Now I recognize that we generally get very little practice at intubations, but how many intubations a year does the average ER doc get? I agree that if RSI is used by EMS personel that they should have MANDATORY OR shifts once a month. But beyond this, I think there just needs to be a mentality shift away from ET-tubes being the ONLY way to ventilate a paralized patient. YES, the ET-tube is the golden-standard for an airway, but there is no reason that you can't ventilate the patient effectivly with an OPA and BVM. I have done this on a few patients that we simply could no intubate (it took three doctor, one of which was an anesthesiologist, two tries each to intubate this guy!!) they turn out just fine. We just need to learn to give it three or four good attempts seperated by a miniute or so of good bagging. Then we need to give it up and drop the OPA and do a really good head-tilt-chin-lift.

Sorry about all the :soap: everyone, I have a tendency to be a little long-winded and.....opinionated....:cool:
That's my take on it though.

Nate.

BTW: I don't buy that study...I can't remember exactly why right now, but I didn't.

clubsoda22
10-26-2004, 15:10
Can you give us BLS guys a little background. I'm not just an EMT, but a second year BSN nursing student who wants to go into ER or CC and hopefully flight, so i have an interest in this stuff.

DaleGribble
10-26-2004, 15:55
fackler, just from working with experienced medics who have used RSI at other agencies, I can see how you came to the conclusion that once RSI was approved, the number of intubations went up. I've been on several calls where those same medics would have used RSI and I could have gotten some damn experience at tubing folks! Without RSI, we simply can't intubate that often.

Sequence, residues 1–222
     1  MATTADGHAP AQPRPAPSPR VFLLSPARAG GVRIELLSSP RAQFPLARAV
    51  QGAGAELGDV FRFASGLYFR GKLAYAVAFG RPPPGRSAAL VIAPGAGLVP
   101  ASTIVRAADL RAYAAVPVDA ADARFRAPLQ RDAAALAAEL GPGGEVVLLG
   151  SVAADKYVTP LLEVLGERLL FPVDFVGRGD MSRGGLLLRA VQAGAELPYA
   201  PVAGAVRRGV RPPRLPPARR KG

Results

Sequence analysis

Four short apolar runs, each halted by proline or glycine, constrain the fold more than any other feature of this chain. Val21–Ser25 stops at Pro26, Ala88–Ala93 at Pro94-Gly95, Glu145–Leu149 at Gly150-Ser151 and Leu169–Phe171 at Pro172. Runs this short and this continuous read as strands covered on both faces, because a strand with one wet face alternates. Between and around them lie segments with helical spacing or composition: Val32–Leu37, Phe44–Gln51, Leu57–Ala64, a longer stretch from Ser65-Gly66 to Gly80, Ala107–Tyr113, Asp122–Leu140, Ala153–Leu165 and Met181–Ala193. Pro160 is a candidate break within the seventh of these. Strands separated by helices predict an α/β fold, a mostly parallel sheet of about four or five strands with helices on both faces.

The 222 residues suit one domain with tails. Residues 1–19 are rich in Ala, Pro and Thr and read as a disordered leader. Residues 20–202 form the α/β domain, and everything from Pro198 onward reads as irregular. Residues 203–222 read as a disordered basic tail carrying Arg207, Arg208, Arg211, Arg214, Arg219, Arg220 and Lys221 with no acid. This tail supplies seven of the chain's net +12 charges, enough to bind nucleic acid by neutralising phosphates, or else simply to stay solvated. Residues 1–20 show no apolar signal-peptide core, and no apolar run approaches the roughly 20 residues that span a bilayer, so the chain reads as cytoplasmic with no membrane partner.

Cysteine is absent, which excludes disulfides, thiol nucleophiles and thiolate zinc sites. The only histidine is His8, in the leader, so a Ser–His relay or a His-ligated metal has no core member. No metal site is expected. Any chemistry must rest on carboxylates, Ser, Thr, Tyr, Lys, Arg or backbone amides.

Club, what kind of info are you looking for, specifically?

This paragraph from the study explains it pretty well.

Eligible patients were oxygenated with a nonrebreather mask. If necessary, BVM ventilation was instituted before RSI to attempt to achieve an oxygen saturation value of 95% or greater. Midazolam was used as an amnestic agent if the systolic blood pressure (SBP) was 120 mm Hg or greater. Succinylcholine was used as the initial paralytic agent. Medication administration was simplified by stratifying patients into “small,” “average,” and “large” categories on the basis of estimated mass, with precalculated medication doses for each category. This also allowed for standardized dose volumes of 4, 6, or 8 mL, respectively, for both paralytic agents (Table 1).

DaleGribble
10-26-2004, 16:05
Originally posted by TerraMedicX
Now I recognize that we generally get very little practice at intubations, but how many intubations a year does the average ER doc get? I agree that if RSI is used by EMS personel that they should have MANDATORY OR shifts once a month. But beyond this, I think there just needs to be a mentality shift away from ET-tubes being the ONLY way to ventilate a paralized patient. YES, the ET-tube is the golden-standard for an airway, but there is no reason that you can't ventilate the patient effectivly with an OPA and BVM. I have done this on a few patients that we simply could no intubate (it took three doctor, one of which was an anesthesiologist, two tries each to intubate this guy!!) they turn out just fine. We just need to learn to give it three or four good attempts seperated by a miniute or so of good bagging. Then we need to give it up and drop the OPA and do a really good head-tilt-chin-lift.